(Note: The following was originally featured as a Research Highlight in Development at: https://dev.biologists.org/content/147/3/e0303.)
Flowers are extremely diverse in terms of organ number and arrangement. For example, lilies organise their petals in a radially symmetric pattern whereas other flowers, such as orchids, have bilateral symmetry along the dorso ventral (D-V) axis. Other plants have floral organs with both radial and bilateral symmetry, depending on whether they are lateral or terminal flowers. At a molecular level, some genes are known to be expressed asymmetrically along the D-V axis, such as CYCLOIDEA gene homologues. However, how these factors achieve such diversity of floral organ arrangement is not well understood. Now, Aiko Nakagawa, Miho S. Kitazawa and Koichi Fujimoto apply mathematical modelling to design a principle for floral organ arrangement. Their method is based on a phyllotaxis model of an ‘inhibitory field’, whereby existing organs regulate the position of new organs. In their model, the authors employ two inhibitory fields at the dorsal and ventral side of the floral primordium and, by varying the relative strength of the inhibitory fields and the size of the meristem, they are able to simulate the diverse and complex bilateral patterns observed in different plant species. These results indicate that differences in D-V inhibition can explain the diversity of bilateral symmetry in flowers.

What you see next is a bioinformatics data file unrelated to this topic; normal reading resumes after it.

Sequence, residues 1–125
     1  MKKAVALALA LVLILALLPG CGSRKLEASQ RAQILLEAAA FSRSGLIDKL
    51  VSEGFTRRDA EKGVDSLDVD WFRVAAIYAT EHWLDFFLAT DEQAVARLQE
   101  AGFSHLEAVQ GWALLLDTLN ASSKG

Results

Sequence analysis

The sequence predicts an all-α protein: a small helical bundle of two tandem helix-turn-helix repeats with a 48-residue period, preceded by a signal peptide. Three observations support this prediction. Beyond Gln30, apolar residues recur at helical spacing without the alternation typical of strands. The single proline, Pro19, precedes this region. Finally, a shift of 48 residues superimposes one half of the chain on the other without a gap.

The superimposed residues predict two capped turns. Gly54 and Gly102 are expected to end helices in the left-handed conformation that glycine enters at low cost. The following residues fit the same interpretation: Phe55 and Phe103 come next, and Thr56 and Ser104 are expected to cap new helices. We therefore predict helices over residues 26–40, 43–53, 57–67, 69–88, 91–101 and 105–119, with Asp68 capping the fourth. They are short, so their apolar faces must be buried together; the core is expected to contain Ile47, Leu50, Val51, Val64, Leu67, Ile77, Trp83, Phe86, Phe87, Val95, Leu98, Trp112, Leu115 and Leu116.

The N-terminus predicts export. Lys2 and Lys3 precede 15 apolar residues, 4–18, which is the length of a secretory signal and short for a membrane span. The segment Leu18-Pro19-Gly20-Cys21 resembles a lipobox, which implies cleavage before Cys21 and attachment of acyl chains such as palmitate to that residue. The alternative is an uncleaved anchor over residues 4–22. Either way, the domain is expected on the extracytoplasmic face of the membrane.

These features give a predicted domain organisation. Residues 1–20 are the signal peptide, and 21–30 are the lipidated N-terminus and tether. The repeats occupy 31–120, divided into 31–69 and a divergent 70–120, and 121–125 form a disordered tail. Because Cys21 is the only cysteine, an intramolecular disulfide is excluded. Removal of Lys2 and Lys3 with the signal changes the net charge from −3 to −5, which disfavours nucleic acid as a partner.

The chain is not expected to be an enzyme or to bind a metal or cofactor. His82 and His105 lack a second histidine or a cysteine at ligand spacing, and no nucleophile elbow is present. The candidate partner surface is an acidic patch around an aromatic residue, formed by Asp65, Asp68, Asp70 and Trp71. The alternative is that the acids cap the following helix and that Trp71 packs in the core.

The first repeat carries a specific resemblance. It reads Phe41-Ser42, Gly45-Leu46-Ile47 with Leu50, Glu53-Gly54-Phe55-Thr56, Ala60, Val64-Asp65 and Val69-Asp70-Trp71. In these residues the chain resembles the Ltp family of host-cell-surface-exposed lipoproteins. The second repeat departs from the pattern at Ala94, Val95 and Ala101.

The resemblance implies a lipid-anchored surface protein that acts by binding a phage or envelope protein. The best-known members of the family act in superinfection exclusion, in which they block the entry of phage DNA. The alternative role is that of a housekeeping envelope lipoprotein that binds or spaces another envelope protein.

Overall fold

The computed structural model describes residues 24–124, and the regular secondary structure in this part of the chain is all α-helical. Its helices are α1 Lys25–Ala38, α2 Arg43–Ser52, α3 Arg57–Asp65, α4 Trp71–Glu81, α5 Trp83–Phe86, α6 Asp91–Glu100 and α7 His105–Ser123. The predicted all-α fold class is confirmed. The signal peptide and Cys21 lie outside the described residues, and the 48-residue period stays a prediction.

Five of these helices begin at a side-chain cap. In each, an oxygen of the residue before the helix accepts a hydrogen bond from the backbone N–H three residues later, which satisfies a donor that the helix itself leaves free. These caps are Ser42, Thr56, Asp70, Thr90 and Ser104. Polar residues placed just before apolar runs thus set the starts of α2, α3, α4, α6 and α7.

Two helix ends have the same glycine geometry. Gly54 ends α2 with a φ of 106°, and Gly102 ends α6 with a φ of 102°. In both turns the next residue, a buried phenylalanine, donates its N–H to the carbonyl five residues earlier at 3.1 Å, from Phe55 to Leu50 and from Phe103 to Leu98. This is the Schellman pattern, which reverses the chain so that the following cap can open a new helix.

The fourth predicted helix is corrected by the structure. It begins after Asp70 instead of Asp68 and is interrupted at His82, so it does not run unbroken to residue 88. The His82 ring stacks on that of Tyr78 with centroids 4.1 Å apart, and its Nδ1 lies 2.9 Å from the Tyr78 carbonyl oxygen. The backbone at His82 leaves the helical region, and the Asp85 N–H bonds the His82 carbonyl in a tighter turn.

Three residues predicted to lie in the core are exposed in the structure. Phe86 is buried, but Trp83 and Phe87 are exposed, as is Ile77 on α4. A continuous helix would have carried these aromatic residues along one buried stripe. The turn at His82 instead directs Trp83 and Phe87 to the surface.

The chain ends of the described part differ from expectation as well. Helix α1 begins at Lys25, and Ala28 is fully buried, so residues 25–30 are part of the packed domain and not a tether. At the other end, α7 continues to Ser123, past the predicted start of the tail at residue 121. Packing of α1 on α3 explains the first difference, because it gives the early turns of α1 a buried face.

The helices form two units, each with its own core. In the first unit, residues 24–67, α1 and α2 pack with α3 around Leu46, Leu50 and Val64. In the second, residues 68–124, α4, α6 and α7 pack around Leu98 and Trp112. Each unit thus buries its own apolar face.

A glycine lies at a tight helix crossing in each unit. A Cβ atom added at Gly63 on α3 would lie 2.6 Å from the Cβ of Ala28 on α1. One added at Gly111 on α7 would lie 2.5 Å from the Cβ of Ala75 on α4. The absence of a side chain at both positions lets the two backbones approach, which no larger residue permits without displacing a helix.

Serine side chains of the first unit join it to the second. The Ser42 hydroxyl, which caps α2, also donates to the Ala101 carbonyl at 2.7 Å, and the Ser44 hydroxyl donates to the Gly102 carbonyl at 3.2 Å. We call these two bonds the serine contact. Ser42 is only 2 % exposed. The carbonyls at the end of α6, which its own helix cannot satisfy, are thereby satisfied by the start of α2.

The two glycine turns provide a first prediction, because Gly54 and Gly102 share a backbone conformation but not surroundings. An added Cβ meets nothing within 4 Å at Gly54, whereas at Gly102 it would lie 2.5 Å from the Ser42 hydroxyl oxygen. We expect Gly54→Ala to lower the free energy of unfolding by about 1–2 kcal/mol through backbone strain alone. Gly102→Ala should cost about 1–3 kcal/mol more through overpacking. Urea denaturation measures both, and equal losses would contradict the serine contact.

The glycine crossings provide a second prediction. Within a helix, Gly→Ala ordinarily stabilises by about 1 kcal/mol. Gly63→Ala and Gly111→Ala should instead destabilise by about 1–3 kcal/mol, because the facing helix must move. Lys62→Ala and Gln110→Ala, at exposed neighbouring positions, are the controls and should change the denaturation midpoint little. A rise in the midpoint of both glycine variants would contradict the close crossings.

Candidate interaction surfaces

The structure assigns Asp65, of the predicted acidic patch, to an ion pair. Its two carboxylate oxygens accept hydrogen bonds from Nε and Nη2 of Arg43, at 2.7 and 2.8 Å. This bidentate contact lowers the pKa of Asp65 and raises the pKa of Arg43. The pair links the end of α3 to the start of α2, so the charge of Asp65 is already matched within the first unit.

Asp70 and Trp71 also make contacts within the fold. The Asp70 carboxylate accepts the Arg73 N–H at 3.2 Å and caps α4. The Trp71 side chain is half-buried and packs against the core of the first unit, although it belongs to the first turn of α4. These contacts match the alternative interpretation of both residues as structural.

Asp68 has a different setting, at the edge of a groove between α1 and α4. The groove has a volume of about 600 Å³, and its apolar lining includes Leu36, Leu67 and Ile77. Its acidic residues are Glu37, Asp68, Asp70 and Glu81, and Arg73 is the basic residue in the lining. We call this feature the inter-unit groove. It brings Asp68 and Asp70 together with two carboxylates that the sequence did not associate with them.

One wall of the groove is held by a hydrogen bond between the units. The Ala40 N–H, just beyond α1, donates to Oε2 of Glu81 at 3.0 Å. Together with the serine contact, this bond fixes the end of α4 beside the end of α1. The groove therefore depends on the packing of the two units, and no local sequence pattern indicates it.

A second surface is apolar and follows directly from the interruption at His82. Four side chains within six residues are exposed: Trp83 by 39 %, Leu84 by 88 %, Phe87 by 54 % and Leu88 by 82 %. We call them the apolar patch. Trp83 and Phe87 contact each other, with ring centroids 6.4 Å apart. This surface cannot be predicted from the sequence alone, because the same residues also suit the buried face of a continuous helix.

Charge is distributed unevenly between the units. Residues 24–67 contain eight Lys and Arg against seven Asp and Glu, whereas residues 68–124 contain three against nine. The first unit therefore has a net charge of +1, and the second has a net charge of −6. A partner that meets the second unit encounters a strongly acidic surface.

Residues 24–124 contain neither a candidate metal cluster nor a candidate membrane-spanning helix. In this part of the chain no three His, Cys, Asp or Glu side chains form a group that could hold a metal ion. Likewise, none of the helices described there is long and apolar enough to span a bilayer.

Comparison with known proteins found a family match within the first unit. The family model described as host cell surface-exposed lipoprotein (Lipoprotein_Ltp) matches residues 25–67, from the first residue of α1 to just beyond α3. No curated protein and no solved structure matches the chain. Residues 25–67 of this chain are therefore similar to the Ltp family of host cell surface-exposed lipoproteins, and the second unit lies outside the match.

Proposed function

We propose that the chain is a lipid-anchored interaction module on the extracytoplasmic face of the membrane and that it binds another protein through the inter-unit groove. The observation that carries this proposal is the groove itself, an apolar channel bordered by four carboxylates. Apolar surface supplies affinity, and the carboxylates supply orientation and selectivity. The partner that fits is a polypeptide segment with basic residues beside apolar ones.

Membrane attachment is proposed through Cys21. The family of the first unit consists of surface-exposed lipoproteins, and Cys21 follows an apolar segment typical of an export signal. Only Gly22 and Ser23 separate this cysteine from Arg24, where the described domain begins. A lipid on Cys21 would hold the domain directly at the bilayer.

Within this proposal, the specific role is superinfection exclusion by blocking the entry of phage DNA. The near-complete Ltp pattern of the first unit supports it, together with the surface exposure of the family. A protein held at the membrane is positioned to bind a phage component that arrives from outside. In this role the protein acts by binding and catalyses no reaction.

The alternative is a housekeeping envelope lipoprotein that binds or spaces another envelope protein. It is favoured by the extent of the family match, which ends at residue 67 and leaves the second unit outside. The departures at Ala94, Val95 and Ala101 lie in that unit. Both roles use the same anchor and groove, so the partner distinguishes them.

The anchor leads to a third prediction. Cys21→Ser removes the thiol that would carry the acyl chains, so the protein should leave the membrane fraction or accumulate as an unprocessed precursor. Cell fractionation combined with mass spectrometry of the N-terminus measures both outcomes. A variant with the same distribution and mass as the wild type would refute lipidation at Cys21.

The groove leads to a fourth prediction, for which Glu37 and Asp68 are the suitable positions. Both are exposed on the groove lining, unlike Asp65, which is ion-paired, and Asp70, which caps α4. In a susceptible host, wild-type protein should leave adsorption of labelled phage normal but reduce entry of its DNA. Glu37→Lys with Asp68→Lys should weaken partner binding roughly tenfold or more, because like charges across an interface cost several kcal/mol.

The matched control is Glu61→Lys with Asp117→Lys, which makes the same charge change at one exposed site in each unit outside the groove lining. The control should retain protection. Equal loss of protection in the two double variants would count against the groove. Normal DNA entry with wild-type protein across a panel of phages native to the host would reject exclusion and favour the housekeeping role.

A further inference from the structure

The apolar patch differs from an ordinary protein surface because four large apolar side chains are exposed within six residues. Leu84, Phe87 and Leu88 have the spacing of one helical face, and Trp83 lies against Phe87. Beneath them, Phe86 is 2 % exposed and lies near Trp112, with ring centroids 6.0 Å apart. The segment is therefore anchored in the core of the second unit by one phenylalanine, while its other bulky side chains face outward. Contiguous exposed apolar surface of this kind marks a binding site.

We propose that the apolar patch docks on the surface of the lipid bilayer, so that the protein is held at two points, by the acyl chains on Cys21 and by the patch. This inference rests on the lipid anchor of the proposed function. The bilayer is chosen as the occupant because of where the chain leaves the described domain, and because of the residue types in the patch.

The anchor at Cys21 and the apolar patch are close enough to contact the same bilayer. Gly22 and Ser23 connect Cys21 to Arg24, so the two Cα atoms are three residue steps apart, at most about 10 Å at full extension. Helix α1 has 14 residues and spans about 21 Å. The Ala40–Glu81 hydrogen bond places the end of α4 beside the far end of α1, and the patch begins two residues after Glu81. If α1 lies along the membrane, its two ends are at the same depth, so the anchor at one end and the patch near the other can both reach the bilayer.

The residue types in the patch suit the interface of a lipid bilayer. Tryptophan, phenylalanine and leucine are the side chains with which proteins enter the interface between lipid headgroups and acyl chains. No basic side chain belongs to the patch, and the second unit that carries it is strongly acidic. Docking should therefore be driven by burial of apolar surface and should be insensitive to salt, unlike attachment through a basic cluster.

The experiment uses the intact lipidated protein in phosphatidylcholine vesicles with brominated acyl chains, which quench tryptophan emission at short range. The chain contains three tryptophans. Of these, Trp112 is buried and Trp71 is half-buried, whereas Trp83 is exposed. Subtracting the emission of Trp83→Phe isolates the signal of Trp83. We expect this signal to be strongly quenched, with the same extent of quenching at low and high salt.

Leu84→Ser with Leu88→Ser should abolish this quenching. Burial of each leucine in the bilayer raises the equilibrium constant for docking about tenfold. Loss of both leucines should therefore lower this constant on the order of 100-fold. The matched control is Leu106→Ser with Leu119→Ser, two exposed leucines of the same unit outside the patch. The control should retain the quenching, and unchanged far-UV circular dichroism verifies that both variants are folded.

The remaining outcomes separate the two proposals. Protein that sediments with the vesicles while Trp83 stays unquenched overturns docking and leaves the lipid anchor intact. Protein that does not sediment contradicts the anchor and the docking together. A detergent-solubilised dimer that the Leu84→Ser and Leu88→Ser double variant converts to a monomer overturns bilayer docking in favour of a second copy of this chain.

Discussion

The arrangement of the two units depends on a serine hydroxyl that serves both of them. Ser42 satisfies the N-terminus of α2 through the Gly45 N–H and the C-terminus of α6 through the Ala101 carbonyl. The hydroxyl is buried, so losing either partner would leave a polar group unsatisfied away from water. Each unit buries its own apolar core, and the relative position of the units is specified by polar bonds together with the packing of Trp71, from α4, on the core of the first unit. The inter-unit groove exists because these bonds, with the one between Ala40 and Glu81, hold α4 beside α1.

The article, “A design principle for floral organ number and arrangement in flowers with bilateral symmetry,” was published in Development at DOI: https://doi.org/10.1242/dev.182907.